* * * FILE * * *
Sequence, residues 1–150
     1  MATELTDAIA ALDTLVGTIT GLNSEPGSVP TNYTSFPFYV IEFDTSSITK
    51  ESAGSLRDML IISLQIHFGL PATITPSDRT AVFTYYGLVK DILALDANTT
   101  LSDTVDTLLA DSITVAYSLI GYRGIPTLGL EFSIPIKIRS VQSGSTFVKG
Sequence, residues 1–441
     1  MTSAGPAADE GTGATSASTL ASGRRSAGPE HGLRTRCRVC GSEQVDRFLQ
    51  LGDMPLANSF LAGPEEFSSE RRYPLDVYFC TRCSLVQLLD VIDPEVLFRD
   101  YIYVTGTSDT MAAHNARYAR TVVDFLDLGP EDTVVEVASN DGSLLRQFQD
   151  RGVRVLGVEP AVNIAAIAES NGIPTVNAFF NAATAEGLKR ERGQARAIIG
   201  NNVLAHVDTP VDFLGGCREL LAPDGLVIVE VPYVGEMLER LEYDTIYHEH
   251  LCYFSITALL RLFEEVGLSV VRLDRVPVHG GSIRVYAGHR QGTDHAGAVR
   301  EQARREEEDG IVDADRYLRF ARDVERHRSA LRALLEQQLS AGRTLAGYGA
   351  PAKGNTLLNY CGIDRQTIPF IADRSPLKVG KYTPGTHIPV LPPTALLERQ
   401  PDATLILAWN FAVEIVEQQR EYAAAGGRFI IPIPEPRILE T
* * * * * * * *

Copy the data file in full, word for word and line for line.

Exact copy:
Sequence, residues 1–150
     1  MATELTDAIA ALDTLVGTIT GLNSEPGSVP TNYTSFPFYV IEFDTSSITK
    51  ESAGSLRDML IISLQIHFGL PATITPSDRT AVFTYYGLVK DILALDANTT
   101  LSDTVDTLLA DSITVAYSLI GYRGIPTLGL EFSIPIKIRS VQSGSTFVKG
Sequence, residues 1–441
     1  MTSAGPAADE GTGATSASTL ASGRRSAGPE HGLRTRCRVC GSEQVDRFLQ
    51  LGDMPLANSF LAGPEEFSSE RRYPLDVYFC TRCSLVQLLD VIDPEVLFRD
   101  YIYVTGTSDT MAAHNARYAR TVVDFLDLGP EDTVVEVASN DGSLLRQFQD
   151  RGVRVLGVEP AVNIAAIAES NGIPTVNAFF NAATAEGLKR ERGQARAIIG
   201  NNVLAHVDTP VDFLGGCREL LAPDGLVIVE VPYVGEMLER LEYDTIYHEH
   251  LCYFSITALL RLFEEVGLSV VRLDRVPVHG GSIRVYAGHR QGTDHAGAVR
   301  EQARREEEDG IVDADRYLRF ARDVERHRSA LRALLEQQLS AGRTLAGYGA
   351  PAKGNTLLNY CGIDRQTIPF IADRSPLKVG KYTPGTHIPV LPPTALLERQ
   401  PDATLILAWN FAVEIVEQQR EYAAAGGRFI IPIPEPRILE T